Tuesday, February 16, 2010

The Maya I

The Maya were master pyramid builders, but their magnificent cities were buried by the jungle until the late 1800s and early 1900s. This is a pyramid in Chichén Itzá, a great Maya city of the Postclassic Era.

Palenque was one of the great cities of the Classic Era. These ruins were once the temple complex.

Volcano peaks pierce the blanket of cool mist that hangs above the forest canopy. Ghostly howler monkeys scream, unseen, as if the ruined temples were part of a scene in an unearthly horror movie. For some, the sounds create the illusion that the lost city of Copán is haunted by tortured souls wailing deep within the stone pyramids. Only the occasional rustle of a tree branch reveals that the monkeys are the true source of the screams. They scramble across a platform where priests once addressed thousands of people. The platform is now buried in vines, and moss, and jungle growth. The remains of Copán, one of the richest centers of Maya civilization, lie deep in the tropical forest of modern Honduras. Copán became wealthy because of its rich soil and the Copán River’s annual flood. Each year, the river overflowed and the water left behind a new layer of rich, fertile soil. The huge quantity of precious jade found in the tombs of Copán’s kings is evidence of how wealthy they were.

Classifying Maya history
Archaeologists divide pre-Columbian (the time before Columbus arrived in the Americas in 1492 c.e. Maya history into three major time periods: Preclassic, Classic, and Postclassic. During the Preclassic Era, from about 1200 b.c.e. to 250 c.e., settled farming communities grew into complex societies. Many Maya kingdoms experienced rapid growth in this era. They built monumental structures, established long-distance trade routes, and developed governing systems. In the later part of the Preclassic Era, some kingdoms were enjoying their peak while others had already faded away.

The Classic Era was between about 250 and 900. From southeastern Mexico to upper Central America, this varied landscape supported millions of people in Classic times. During the height of Maya civilization in the eighth century, as many as 60 independent kingdoms dotted the Maya area, as well as hundreds of smaller towns and villages.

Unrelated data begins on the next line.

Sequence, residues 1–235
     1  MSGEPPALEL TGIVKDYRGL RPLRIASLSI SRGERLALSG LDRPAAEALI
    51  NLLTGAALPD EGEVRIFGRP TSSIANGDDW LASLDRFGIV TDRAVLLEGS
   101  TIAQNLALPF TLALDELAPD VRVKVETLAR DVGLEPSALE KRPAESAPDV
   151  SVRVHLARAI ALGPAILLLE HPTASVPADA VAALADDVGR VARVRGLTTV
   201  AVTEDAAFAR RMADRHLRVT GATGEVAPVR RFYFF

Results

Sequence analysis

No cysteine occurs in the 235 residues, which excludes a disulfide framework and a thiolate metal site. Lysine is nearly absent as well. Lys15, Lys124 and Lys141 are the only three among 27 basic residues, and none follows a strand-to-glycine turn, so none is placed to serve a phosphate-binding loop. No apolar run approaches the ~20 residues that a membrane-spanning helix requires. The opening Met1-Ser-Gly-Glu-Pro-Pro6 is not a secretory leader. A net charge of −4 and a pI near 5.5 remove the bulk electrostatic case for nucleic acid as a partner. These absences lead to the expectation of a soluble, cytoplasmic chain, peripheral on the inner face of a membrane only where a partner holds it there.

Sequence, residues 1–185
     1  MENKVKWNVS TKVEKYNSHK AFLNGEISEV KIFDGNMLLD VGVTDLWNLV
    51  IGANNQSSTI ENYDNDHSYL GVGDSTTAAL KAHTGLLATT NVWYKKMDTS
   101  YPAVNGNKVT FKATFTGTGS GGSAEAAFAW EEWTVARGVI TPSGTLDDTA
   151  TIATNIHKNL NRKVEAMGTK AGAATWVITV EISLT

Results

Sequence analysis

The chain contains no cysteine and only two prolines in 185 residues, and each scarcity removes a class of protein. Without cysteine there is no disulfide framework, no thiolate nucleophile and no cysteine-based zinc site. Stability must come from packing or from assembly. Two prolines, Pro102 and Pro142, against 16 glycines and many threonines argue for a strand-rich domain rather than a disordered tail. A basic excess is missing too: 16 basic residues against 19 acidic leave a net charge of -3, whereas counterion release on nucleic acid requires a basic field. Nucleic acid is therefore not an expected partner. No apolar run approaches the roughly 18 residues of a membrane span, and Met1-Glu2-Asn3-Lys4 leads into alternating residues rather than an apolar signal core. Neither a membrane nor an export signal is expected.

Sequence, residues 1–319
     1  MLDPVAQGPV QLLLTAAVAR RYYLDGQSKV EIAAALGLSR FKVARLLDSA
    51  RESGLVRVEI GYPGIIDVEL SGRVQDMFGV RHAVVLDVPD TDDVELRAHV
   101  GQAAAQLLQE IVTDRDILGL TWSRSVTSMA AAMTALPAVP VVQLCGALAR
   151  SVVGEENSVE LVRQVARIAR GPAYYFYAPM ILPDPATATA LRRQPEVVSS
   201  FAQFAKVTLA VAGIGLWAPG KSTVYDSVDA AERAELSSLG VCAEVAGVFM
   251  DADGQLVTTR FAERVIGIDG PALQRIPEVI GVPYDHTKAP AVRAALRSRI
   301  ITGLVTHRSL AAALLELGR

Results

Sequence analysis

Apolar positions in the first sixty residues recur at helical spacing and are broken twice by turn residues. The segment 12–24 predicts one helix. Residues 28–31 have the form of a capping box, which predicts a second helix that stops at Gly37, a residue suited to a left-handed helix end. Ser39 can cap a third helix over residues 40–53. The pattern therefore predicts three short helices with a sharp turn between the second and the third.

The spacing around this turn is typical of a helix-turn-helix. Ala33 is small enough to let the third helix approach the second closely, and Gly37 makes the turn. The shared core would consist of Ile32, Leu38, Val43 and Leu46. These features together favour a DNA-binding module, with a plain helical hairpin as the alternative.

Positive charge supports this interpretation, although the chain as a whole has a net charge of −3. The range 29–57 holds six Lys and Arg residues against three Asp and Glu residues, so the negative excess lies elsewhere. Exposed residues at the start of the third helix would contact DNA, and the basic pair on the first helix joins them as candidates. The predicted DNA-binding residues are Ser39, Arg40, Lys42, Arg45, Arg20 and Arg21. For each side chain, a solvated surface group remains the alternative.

Unlike the Aztec people, their neighbors to the north, the Maya never unified into a single empire. Instead, they built commerce centers that grew into city-states (cities that function as separate kingdoms or nations) ruled by kings. These kingdoms formed alliances with one another one day, only to turn into sworn enemies the next.

Robert J. Sharer wrote in The Ancient Maya that the capitals of independent kingdoms were “interconnected by commerce, alliances, and rivalries that often led to war.” By the end of the Classic Era, the southern lowland capitals had collapsed, leaving modern scholars to wonder what catastrophe forced the Maya to abandon their cities.

The northern lowlands kingdoms rose and fell during the Postclassic Era, from 900 to 1524. Some kingdoms flowered dramatically, but probably did not reach the heights of the kingdoms from previous eras. It was in the Postclassic Era that kings lost their grip on centralized power and nobles greedily stepped in to break the kingdoms up into smaller pieces.

The Postclassic Era ended with the arrival of the Spaniards, who found that most Maya were living in medium-sized kingdoms and groups of allied cities throughout the Maya area.

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